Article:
It was the Face of the Inca that greeted us on the descent into Apuela.  I still don't know whether the Face was sculpted by man or by nature, but it is an amazing likeness none the less.




Apuela is a functional, no frills Andean farm town.  A general store sells fertilizer, cement,  fencing supplies, veterinary medicines, paint and nails.   Another store sells sandpaper and light bulbs.  Like many other pueblos in Ecuador, the tiendas in Apuela don't necessarily sell a logical array of goods.  It's just what the vendor decides to sell.  Once you get used to this system of commerce you have made your first step in acclimating to Ecuadorian retail.  


Likewise, the transportation system fits the roads or the lack of them.  Buses from Cotacachi and Otavalo reach Apuela once or twice a day subject to washouts and rock slides.  Once in Apuela your transportation locally is in a truck-bus (see above picture) when a sufficient number of pasajeros induce the local conductor to fire up the engine.  Uncle Juan may also be able to offer a ride in his pickup.  Otherwise caballos are an excellent choice if the distance is long, the grade is steep, and the roads are missing.  If you're not fortunate to have access to a horse, then your God-given feet do just fine.




When the work is done Ecuadorians like to play.  They are as good at play as they are at work.  I'd put this local team against some of the best college teams in the US.  Their teamwork and athleticism is amazing.




After about four blocks we reach the other side of Apuela and are headed again to the campo (countryside).  Our next stop is the smaller pueblo of Cuellaje.  




Cuellaje is laid back, neat, and clean.  Everyone says Ecuador is like the US in the 1950s.  I beg to differ.  Every city and town is different. Cuenca is uber-modern with some wonderful historic architecture.  Cuellaje is more like 1930's or 1940's Midwestern USA with a Latin twist.  Since cell phones don't work here there's a bit of an isolation factor.  Even the road doesn't get you to the big time (Cotacachi) in a hurry.  Nobody is in a hurry anyway, so what's the point.  Let's face it, technology, communication, and infrastructure changes culture.  I like the culture here just fine.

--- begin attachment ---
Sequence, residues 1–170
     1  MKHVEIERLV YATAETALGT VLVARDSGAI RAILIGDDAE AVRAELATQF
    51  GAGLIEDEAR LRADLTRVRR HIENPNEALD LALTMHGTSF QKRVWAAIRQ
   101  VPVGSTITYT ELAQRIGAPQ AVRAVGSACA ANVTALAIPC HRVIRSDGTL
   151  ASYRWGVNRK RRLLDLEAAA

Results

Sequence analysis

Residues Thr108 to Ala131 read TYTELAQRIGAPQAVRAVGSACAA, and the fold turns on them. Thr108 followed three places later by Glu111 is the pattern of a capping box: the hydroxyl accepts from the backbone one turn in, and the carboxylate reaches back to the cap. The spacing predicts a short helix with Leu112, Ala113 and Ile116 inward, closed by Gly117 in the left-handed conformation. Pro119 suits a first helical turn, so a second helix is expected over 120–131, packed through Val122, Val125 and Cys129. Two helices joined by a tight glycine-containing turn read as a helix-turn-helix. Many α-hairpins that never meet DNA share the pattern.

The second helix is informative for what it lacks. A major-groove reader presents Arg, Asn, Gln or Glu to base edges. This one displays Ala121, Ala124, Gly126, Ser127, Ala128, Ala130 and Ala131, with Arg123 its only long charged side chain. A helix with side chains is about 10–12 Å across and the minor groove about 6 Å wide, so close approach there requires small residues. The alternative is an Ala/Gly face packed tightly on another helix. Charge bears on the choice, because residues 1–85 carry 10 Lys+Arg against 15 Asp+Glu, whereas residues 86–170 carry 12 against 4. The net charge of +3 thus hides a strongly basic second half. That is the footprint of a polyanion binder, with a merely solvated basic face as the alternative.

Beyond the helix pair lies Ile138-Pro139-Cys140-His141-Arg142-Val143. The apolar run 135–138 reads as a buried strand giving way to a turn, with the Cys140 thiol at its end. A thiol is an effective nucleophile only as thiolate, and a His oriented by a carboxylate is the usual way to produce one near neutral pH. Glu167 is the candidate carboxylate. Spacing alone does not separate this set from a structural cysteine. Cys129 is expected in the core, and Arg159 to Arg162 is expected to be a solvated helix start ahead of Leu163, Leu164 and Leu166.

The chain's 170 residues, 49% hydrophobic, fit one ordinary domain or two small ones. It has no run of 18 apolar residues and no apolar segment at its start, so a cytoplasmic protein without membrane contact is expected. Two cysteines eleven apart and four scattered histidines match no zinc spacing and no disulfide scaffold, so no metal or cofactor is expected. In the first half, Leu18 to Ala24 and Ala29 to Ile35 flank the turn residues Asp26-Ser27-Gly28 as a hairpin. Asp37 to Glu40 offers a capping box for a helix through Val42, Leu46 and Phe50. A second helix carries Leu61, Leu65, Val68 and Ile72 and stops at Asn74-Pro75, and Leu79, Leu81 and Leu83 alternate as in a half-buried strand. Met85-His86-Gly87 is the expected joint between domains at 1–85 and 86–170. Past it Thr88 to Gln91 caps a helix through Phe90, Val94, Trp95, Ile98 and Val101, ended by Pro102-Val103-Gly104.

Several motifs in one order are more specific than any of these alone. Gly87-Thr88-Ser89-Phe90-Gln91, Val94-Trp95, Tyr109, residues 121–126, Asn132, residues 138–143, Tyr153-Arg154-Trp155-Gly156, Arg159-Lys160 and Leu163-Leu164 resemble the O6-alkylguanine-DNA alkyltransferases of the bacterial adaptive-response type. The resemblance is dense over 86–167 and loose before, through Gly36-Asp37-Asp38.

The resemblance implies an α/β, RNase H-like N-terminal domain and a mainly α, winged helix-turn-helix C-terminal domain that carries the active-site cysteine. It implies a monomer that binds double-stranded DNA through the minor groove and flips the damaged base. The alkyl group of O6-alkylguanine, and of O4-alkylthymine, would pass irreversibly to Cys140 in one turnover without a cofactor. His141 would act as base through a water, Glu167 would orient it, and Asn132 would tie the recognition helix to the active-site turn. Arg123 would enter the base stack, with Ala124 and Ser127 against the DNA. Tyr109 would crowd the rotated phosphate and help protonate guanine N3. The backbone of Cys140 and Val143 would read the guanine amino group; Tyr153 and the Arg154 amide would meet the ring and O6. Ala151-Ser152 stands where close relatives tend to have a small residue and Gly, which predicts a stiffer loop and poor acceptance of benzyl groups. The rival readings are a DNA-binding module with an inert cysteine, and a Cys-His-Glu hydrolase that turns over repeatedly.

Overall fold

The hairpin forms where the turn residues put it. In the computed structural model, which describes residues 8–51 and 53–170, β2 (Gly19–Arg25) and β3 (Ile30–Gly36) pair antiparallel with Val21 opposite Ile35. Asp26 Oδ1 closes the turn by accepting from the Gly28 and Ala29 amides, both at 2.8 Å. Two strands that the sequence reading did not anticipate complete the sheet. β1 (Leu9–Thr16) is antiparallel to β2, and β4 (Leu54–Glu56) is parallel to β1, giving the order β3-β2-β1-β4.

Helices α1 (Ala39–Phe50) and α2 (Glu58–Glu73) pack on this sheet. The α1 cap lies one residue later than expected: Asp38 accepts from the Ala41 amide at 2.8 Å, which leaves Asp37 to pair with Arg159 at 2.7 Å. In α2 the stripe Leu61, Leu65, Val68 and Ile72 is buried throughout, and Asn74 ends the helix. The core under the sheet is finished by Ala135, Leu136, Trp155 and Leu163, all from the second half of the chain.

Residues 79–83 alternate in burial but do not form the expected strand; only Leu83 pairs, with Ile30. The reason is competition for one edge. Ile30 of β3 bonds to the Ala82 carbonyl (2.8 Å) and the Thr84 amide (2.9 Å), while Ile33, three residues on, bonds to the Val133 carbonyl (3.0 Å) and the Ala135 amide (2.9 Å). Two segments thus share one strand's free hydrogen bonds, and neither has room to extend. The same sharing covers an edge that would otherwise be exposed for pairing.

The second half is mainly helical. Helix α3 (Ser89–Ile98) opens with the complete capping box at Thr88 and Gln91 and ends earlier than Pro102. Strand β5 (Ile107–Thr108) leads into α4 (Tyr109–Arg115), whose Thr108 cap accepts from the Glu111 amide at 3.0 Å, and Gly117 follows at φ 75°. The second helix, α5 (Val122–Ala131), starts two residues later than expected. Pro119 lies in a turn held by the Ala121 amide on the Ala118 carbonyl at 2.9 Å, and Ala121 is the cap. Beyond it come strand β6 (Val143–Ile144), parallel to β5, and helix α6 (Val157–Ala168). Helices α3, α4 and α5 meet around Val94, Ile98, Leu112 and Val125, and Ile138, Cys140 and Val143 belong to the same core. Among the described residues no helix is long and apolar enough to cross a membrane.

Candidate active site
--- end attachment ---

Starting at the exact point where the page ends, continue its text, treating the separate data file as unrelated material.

Even the residential areas of Cuellaje are tidy albeit weathered.  All things man-made have a story, a history, and a bit of soul. Would I live here?  Well, not yet.  If the world comes tumbling down, definitely. Cuellaje doesn't need the rest of the world.  




So now we're on the short leg of the trip from Cuellaje to Lee's little casita in the campo.   




The views along the road are like that in Fellowship of the Rings.  I kept expecting Bilbo Baggins to step out on the road at any time.  Instead it was Juan Valdez' son Juanito.  Well, use your imagination.  If you go on this trip and don't fall a little more in love with Ecuador then you don't have a heart anyway.






So now we're off to Lee's casita with the floor tile and the unloading process.




We can only get so close to the casita with the truck




So I finally get to contribute a little to Lee's adventure in Andean homesteading.




Lee's slippery little dug out steps down to his house weren't the best match for carrying 50 lb packages of tile.  We all wanted the tile and our limbs to be unbroken so using the grassy slope was the better bet to achieve our mission.


Lee and Susan's casita will soon be the 'weekend retreat' where guys go to tell tall tales, drink cerveza, listen to the roaring river, catch trucha (trout) and help Lee plant his many thousands of coffee plants and bananas.  I'm pretty sure Susan is going to be a willing weekend sojourner as well, but I think we'll have to do a few updates in the kitchen first.


  
Lee turns dreams into reality though and you can see the makings of something really fun happening soon.




From Lee's little outpost near Cuellaje we all jumped in Patricio's truck and headed to an oasis of food and comfort at Nalgunvi Restaurante and Hostel.